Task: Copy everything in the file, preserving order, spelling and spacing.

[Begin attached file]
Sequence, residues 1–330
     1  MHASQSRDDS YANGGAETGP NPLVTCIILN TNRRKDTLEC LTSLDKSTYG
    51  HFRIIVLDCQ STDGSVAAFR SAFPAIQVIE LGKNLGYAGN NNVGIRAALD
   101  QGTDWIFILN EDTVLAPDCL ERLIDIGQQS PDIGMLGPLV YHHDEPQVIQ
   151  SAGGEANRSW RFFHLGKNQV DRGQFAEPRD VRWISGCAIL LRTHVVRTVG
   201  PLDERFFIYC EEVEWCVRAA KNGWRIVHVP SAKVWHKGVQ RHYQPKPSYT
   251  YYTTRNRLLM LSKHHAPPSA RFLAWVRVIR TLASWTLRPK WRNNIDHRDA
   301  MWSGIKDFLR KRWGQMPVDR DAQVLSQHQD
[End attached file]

Sequence, residues 1–330
     1  MHASQSRDDS YANGGAETGP NPLVTCIILN TNRRKDTLEC LTSLDKSTYG
    51  HFRIIVLDCQ STDGSVAAFR SAFPAIQVIE LGKNLGYAGN NNVGIRAALD
   101  QGTDWIFILN EDTVLAPDCL ERLIDIGQQS PDIGMLGPLV YHHDEPQVIQ
   151  SAGGEANRSW RFFHLGKNQV DRGQFAEPRD VRWISGCAIL LRTHVVRTVG
   201  PLDERFFIYC EEVEWCVRAA KNGWRIVHVP SAKVWHKGVQ RHYQPKPSYT
   251  YYTTRNRLLM LSKHHAPPSA RFLAWVRVIR TLASWTLRPK WRNNIDHRDA
   301  MWSGIKDFLR KRWGQMPVDR DAQVLSQHQD